“I think the revolutionary role of a writer is to make language that makes coalition possible, language that makes us see things in a new way.”
Gloria Steinem, Particular Passions: Talks With Women Who Have Shaped Our Times


My stories are mine to tell, just as another author’s stories are hers (or his) to tell. It’s not my job to criticize how another person arrives at his or her truth or story. I’m not only speaking to personal essay, memoir, or nonfiction. I’m speaking to all writing, which originates from real life events, thoughts, and feelings. Some fiction can be interpreted as purely invented, but when one looks closely at any plot, character, or meaning—in a good story one will see the honesty of all humanity in the story.


Whether it’s the movie Wonder Woman, The Handmaid’s Tale, Wild, or Eat, Pray, Love—each of these stories, depicting and/or told by women, are stories first of humanity and self-awareness, and secondly as stories of women and what they do in response to their surroundings.


Sometimes those surroundings don’t involve men. Most of the time, they do.  After all, half of the world’s population is male and we are intrinsically and biologically connected to the men and boys in our lives.


What’s important, in feminism and any other form of activism and advocacy, when it comes to writing, movie-making, art, or any other expression from a human perspective—is that we honor the story and learn from it.


The end goal is to see things in a new way, from a new perspective, and to have not only an enlightened or educated awakening, but compassion and empathy for those we have just watched on the big screen, or read about, or heard speak at a Women’s Rights Conference.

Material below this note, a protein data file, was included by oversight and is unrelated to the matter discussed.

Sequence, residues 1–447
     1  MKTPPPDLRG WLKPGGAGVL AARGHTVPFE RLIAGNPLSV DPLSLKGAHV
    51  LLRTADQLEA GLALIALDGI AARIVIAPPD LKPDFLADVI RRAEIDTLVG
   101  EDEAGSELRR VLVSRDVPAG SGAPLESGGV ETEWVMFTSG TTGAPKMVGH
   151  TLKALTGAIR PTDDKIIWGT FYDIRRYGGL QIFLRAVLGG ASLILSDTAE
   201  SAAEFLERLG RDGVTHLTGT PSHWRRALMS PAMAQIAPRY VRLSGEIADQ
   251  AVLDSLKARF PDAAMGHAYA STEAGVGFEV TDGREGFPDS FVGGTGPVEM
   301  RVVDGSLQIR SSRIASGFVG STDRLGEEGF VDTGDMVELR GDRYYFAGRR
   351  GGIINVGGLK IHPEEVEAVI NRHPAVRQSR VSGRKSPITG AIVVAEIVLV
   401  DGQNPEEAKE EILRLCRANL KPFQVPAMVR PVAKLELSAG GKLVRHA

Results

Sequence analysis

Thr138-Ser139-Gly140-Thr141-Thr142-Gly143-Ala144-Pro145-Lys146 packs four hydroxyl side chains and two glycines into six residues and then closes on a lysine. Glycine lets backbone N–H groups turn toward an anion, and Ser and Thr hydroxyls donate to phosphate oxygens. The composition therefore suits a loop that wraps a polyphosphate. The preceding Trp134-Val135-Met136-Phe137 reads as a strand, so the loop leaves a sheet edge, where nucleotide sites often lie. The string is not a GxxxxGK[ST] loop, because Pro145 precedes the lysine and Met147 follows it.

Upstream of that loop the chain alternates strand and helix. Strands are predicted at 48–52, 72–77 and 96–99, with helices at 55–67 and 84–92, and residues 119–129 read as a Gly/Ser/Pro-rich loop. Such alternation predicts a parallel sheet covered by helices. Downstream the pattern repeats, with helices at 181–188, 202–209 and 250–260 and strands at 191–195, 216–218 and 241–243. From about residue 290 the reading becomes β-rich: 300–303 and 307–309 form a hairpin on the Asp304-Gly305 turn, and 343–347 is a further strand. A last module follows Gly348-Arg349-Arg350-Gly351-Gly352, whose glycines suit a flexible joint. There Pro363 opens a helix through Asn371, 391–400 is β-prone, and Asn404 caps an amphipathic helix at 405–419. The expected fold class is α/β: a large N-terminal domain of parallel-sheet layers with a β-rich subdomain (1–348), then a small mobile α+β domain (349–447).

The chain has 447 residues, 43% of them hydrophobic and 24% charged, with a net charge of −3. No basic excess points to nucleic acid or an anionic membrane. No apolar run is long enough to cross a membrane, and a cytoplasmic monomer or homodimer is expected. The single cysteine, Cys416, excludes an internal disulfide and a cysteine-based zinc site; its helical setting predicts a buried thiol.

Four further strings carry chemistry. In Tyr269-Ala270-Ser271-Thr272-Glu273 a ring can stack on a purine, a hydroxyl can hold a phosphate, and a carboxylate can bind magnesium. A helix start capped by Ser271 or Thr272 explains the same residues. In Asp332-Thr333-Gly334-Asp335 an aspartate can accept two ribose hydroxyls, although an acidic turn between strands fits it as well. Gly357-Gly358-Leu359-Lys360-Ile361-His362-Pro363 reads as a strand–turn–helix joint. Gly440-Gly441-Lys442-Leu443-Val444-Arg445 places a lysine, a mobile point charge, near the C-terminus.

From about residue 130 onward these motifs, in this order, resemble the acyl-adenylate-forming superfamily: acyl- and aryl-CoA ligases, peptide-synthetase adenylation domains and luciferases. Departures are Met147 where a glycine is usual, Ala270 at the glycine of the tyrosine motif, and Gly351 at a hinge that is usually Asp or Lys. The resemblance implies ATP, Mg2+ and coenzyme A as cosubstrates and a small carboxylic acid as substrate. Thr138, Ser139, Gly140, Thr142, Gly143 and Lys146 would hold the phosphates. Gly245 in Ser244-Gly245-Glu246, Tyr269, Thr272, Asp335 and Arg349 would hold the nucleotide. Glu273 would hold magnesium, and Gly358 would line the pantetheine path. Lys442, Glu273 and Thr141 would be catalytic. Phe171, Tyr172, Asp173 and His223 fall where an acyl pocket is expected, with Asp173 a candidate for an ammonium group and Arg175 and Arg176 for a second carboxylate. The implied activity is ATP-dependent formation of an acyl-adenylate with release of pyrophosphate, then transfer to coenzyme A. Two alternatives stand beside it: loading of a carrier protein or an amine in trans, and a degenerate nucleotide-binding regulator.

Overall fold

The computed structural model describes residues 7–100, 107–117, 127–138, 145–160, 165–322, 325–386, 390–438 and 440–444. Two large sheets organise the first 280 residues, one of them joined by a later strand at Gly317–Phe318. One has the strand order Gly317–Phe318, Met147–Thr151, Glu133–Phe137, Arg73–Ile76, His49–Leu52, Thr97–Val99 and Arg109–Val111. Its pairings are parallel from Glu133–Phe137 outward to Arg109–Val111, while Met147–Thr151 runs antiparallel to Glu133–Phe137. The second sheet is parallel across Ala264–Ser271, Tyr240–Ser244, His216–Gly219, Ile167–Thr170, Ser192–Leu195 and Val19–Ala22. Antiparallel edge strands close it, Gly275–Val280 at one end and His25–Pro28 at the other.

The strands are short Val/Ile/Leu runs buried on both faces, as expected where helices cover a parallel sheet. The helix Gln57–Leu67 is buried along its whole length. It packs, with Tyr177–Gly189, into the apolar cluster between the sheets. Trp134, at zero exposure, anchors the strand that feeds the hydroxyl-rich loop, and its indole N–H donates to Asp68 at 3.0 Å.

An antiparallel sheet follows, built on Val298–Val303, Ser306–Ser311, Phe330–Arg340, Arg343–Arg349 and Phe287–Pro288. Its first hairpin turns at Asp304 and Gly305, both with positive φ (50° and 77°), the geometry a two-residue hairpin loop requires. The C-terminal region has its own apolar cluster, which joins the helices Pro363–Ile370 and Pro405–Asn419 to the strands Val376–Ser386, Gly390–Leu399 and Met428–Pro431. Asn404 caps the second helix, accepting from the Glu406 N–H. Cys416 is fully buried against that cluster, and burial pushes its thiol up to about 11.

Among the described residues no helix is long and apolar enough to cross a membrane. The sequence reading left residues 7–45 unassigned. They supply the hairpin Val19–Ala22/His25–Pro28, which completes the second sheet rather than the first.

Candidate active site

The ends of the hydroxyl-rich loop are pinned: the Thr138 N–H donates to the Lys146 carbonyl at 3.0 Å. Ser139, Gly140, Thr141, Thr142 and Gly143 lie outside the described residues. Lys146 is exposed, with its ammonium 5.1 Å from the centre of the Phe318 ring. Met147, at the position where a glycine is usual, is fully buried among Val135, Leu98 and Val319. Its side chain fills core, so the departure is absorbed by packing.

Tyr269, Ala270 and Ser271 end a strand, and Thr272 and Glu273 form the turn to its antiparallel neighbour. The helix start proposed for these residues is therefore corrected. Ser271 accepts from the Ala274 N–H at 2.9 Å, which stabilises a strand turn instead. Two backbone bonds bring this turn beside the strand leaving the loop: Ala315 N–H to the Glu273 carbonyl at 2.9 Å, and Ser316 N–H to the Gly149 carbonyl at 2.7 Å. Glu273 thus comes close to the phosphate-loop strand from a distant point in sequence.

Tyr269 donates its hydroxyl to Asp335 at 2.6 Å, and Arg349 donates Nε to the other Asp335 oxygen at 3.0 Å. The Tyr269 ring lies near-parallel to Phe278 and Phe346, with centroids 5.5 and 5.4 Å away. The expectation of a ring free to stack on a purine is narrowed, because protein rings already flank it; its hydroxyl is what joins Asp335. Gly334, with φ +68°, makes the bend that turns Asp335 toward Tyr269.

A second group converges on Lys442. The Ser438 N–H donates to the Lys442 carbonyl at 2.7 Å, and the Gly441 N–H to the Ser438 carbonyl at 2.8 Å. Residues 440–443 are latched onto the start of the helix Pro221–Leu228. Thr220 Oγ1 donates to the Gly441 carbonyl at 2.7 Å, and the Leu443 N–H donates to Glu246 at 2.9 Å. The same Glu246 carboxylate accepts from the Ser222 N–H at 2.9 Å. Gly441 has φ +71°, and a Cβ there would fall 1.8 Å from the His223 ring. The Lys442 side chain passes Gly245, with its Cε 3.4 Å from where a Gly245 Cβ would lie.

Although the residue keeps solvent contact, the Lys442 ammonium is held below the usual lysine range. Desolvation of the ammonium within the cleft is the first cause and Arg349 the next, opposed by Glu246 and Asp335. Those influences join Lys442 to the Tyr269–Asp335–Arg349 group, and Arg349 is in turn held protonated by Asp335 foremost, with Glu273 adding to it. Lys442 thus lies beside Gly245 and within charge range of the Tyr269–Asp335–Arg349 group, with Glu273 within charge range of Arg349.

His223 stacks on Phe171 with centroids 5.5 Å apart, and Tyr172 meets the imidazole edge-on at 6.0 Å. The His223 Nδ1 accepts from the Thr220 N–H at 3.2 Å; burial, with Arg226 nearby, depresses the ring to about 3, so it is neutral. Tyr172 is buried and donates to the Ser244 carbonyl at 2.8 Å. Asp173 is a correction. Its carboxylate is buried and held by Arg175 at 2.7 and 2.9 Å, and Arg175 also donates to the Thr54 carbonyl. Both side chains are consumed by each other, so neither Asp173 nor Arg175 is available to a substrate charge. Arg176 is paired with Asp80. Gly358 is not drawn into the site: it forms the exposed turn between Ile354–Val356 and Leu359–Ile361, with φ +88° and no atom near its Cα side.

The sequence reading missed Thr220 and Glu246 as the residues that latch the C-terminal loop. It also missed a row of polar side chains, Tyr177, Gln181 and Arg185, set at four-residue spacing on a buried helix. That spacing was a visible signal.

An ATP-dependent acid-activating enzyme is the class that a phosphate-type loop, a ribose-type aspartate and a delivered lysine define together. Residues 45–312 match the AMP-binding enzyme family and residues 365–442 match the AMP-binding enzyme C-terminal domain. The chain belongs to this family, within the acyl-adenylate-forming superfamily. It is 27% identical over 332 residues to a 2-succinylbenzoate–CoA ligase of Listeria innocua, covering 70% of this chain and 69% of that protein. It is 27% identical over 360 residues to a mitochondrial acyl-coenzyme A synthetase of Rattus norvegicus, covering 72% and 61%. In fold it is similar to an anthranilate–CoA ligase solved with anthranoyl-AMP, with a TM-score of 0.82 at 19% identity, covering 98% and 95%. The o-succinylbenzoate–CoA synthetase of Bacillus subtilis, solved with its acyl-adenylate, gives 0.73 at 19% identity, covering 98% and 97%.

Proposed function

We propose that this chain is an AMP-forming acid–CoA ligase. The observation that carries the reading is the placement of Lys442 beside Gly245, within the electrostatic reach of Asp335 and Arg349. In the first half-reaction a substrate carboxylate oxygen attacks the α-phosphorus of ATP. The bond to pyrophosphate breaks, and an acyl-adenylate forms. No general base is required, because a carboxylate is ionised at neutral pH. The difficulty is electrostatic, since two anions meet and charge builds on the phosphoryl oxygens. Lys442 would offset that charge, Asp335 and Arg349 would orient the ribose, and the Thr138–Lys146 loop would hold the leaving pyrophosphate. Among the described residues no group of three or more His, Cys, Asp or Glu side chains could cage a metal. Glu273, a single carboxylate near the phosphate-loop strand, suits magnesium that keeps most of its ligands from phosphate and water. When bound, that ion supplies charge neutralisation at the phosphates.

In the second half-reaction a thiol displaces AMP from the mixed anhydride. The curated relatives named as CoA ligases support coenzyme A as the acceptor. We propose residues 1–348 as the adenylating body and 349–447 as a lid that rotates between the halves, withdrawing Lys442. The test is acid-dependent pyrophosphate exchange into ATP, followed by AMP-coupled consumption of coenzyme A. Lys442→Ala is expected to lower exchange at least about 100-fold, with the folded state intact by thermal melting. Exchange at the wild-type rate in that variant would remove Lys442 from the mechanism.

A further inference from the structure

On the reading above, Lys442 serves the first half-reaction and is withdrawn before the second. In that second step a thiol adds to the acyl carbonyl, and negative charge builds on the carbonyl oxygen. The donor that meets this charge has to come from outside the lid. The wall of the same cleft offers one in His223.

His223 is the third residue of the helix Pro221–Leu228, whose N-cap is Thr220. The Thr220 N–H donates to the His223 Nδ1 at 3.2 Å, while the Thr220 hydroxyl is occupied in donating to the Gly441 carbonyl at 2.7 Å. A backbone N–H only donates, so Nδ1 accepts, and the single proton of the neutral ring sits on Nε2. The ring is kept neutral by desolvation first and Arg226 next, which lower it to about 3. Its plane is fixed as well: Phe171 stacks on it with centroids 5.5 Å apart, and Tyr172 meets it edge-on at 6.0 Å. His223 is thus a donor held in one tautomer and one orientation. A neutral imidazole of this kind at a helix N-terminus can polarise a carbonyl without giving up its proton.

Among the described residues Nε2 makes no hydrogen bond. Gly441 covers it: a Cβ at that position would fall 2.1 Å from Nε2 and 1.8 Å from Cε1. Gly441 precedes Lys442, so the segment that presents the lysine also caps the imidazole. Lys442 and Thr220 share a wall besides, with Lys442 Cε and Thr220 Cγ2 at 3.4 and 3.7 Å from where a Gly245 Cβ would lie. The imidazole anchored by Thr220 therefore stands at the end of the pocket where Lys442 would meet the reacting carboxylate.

When women begin to criticize and demean other women’s methodologies and origins of their stories, they practice a form of oppression and suppression, essentially mimicking those who came before us; those who told females of all ages to shut the fuck up because you’re causing a scene and you’re an embarrassment to the rest of us. Their criticism is exclusionary. They are saying, in effect, that women shouldn’t tell stories differently than they would. How is this okay?


All women have a story. Some of us have learned to tell our stories, some never will.


The point is, never quash anyone with a story to tell, especially a sister—a woman—who must fight for all the same rights and respect as you. Such disdain for other women from women is just as harmful, if not more detrimental, as the disrespect we have received from men who have historically kept their feet on the collective necks of women.


“Any woman who chooses to behave like a full human being should be warned that the armies of the status quo will treat her as something of a dirty joke . . . She will need her sisterhood.”

–Gloria Steinem


Women must support other women, or we will never know a day when inequality is not only erased from our culture, but is a foreign concept and something future generations will never be subject to learn, except as a footnote in history books.


Ladies, it’s time we had one another’s backs. We cannot expect the men in our lives to save us.


We must save ourselves—and we must be willing to help save one another.